A little over 2 hours from Sapporo, about 1 and half by train to Asahikawa and then about a 40 minute bus ride, Asahiyama Zoo is one of Japan’s most famous zoos and is the northern most zoo in Japan. If you plan on going to Biei, Furano or more north such as Wakkanai, Asahikawa is a nice place to stay for a day/night making it easy to make it to the Aasihayam Zoo and continue with your trip. As of February 2007 you could buy a combination ticket including round-trip transportation for an express train, bus and admission to the zoo, from Sapporo for 5500 yen or 7300 yen from New Chitose Airport. If you want to go to the zoo, this is definitely the way to go as it saves you about about 1000 yen. You can purchase this combination ticket at any JR ticket service. If you are in Sapporo and ask them or the tourist information center about the Asahiyama Zoo they will be able to provide you with more information.
I have not been to many zoos in my time but I have to say I was pleased with Asahiyama Zoo. There are some exhibits that are set up really nicely to take some very interesting photographs. The two best for this are the penguin exhibit and the polar bear exhibit. If you are traveling with kids, I highly suggestion considering taking a trip to the Asahiyama Zoo, and come on, let’s be honest, who doesn’t like animals? Especially ones that you most likely will not have a chance to see real life in the wild.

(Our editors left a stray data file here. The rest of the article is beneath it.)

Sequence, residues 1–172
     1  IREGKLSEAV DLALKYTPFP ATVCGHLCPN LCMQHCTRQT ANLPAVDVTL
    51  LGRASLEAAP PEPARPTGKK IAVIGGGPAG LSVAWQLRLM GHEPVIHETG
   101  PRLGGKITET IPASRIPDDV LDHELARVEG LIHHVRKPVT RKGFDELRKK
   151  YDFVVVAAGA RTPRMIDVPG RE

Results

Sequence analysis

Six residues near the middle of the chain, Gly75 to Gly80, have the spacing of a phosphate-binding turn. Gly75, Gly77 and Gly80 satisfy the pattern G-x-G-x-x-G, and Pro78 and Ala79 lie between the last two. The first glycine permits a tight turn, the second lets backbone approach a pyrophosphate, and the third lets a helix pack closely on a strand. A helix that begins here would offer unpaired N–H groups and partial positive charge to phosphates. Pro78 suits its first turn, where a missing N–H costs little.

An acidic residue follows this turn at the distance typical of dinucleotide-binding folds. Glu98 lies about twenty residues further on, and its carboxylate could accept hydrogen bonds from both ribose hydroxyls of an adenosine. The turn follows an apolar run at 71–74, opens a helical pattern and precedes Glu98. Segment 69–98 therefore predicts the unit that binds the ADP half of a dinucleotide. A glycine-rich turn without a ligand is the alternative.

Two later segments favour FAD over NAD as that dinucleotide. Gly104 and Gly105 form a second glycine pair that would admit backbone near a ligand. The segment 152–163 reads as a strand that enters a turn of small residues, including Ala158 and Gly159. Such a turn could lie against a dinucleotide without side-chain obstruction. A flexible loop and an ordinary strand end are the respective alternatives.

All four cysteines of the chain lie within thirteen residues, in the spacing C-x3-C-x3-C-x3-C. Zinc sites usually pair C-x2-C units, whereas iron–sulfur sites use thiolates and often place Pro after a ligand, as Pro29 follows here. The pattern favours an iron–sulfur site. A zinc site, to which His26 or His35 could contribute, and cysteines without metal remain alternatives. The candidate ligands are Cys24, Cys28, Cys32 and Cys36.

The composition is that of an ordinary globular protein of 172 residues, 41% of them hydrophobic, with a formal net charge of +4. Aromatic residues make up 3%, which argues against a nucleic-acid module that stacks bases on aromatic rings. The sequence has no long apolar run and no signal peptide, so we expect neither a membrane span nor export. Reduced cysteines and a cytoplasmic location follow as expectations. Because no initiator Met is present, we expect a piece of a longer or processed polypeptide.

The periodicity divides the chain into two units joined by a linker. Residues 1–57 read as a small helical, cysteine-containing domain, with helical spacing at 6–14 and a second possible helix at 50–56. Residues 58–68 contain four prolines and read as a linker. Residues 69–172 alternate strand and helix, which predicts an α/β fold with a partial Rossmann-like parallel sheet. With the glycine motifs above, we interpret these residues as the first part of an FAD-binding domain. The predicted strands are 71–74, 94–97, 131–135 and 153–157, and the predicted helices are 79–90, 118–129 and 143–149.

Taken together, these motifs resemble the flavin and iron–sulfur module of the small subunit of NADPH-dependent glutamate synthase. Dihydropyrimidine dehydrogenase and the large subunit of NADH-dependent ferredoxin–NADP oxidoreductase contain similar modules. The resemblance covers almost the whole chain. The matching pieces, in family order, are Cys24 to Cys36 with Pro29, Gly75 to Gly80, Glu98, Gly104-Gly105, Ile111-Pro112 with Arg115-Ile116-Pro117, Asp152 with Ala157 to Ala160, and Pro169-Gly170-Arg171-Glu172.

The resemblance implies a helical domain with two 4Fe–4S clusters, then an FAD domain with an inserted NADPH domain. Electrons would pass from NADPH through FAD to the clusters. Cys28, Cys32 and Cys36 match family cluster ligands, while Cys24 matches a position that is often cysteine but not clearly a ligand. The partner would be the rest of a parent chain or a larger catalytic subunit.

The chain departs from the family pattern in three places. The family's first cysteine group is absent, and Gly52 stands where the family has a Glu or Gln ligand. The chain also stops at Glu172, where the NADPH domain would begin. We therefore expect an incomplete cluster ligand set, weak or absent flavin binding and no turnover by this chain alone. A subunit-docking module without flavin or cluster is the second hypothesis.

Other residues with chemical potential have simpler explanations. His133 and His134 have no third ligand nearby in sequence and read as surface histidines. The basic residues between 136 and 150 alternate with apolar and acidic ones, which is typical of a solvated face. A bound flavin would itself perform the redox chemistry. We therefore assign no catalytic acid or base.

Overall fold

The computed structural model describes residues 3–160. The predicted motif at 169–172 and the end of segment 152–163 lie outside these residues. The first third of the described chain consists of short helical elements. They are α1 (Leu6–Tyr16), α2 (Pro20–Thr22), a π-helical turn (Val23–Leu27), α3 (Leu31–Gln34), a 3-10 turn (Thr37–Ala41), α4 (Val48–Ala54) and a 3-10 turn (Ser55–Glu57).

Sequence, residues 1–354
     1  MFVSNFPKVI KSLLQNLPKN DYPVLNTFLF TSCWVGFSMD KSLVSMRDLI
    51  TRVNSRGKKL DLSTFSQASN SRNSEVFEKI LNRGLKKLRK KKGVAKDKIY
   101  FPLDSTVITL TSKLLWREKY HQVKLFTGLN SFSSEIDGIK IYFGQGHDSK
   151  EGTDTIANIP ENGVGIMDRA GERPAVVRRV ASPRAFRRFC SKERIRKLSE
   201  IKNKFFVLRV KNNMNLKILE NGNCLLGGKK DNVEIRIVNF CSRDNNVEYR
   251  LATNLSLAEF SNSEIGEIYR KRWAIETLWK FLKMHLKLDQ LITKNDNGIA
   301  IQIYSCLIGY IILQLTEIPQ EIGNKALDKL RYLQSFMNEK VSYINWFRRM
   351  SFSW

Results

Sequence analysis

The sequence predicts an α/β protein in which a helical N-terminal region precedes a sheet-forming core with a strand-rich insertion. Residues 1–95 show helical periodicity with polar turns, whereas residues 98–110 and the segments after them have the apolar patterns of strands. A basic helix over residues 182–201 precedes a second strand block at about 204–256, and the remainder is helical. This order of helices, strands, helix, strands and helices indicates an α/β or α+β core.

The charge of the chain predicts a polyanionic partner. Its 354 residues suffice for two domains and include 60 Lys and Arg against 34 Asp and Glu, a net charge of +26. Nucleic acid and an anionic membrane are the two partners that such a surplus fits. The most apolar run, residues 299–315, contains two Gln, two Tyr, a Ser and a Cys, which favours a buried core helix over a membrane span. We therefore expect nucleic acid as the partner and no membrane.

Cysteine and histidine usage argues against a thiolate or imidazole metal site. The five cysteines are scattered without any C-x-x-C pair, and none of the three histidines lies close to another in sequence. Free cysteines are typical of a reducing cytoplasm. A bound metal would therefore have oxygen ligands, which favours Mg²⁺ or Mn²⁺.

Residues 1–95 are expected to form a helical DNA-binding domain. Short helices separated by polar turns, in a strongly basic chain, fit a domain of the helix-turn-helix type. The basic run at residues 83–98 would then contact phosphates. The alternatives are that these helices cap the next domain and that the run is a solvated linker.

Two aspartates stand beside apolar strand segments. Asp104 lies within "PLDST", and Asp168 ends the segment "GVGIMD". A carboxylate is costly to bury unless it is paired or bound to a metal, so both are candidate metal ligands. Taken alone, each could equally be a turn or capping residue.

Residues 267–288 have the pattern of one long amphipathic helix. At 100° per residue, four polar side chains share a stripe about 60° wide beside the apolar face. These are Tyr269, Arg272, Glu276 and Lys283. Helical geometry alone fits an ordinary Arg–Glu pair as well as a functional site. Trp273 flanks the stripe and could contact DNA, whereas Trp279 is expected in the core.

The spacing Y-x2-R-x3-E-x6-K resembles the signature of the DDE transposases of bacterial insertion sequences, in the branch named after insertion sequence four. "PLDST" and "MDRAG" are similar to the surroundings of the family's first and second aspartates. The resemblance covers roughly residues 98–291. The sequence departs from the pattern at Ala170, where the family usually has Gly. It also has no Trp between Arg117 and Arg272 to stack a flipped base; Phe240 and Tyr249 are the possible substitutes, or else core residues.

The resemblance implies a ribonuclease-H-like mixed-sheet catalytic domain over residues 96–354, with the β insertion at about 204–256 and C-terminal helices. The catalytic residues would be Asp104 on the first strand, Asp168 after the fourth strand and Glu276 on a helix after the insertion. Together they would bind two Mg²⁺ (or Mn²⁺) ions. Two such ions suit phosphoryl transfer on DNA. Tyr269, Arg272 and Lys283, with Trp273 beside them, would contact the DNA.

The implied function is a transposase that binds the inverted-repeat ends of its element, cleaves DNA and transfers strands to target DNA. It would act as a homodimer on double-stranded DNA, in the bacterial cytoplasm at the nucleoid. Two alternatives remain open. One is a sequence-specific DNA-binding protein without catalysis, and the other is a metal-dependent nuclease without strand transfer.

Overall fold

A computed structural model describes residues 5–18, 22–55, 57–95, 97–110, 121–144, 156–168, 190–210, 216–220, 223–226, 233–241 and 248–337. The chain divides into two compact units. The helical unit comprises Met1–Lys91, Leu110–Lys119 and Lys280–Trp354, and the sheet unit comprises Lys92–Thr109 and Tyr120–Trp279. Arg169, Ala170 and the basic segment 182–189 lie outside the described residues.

A district of Sapporo, Susukino is Japan’s largest entertainment district north of Tokyo and is home to hundreds of restaurants, clubs, bars and other nightlife establishments. During the Sapporo Snow Festival, Susukino gets involved and has it’s own road of ice sculptures on display.